I was fired on Tuesday morning. On Monday night, I emailed all my contacts from my work email, letting them know I was leaving. After all, it's not their fault that I would no longer be able to assist them. I gave them my cell phone number, my private email, and asked them to keep in touch on Facebook. I also applied for four jobs online.
Over the past thirteen years, I have always tried to be pleasant, helpful, kind, and generous, even if I didn't really have to. My question is, why wouldn't you want to? It's so much easier than being mean, rude and nasty. My doctors offices LOVED me. Even though I wasn't their employee, they could count on me to help them, whether it was verifying patient demographics, insurance verification, coding, authorizations and benefits, or even personal issues. They came to depend on me for my professionalism, warmth, and good attitude.
Today is Wednesday morning, and I was fired about 24 hours ago. I have already received TWO job offers from my doctors offices, and have ONE job interview on Friday. The two job offers are contingent upon my passing the CPC exam in September, but the job interview is at a rival hospital doing...get this...patient access, which is what I have been doing at my former job for thirteen years. I applied on Monday night, and they called me Tuesday afternoon, which is just an astonishing turn around!
Thank the Lord above that my bff Ginger insisted that I buy a pair of work appropriate business trousers. I insisted I would never need them, but she persuaded me to get them, and I'm glad I have them now, because that's what I'm wearing Friday. My plan for today is to drop off some items at Goodwill, and then go shopping there to find a work appropriate business top and blazer. If I can't find them there, I will probably head to Lane Bryant. Most of the clothes I own are flowy hippie dresses, and I clearly can't wear that to a job interview.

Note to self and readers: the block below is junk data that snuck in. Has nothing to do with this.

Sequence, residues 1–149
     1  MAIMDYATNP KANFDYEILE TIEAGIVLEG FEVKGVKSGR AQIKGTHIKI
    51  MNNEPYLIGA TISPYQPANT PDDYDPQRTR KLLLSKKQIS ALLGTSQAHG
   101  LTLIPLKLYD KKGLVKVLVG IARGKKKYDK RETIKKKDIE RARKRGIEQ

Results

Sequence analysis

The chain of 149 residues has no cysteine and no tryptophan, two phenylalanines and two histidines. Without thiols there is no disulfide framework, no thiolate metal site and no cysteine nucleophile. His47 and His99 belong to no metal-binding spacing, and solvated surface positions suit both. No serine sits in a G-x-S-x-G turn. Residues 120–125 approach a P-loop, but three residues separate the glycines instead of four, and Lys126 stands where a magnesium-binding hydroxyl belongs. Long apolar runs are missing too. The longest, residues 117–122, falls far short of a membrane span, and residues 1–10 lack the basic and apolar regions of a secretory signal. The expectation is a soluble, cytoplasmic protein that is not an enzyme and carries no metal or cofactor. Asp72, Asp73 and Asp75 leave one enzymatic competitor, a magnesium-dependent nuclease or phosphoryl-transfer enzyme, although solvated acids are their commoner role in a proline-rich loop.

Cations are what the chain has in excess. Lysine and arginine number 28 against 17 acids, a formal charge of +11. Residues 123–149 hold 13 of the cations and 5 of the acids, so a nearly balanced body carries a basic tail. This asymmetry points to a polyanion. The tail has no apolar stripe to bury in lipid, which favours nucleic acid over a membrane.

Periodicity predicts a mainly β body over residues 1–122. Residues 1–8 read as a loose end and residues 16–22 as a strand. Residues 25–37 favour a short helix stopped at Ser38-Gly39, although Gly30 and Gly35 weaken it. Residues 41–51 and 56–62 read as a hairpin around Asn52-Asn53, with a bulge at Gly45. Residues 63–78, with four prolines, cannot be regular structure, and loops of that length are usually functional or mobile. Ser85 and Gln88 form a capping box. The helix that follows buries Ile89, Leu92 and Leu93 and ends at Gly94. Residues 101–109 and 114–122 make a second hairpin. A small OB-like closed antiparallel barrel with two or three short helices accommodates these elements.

So the lesson is this: Be kinder than you have to be. Be helpful, even if it's not in your job description. Be polite, be gracious, and be the best you can be. It will pay off in the long run for sure. I am not ashamed to admit that I cried when I lost my job. It was less about the money, and mostly because I am worried about not having health insurance, plus I felt rejected. I poured my heart and soul into being the best employee they could have, and I felt like I had been thrown away like a dirty diaper. But those years of being kind and helpful have paid off!
I know in this terrible economy, it is terrifying to start over. I'm not going to lie, it's STILL scary. But I feel FREE, peeps. Freer than I have felt in a long, long time. And not just because I'm sitting in my pajamas at my dining room table drinking coffee and doing laundry. I feel like opportunities are knocking all around me, and I get to pick! Eeeeeee!!!! How exciting is that?!!?
|I have hope and a future! Thank you, Lord!|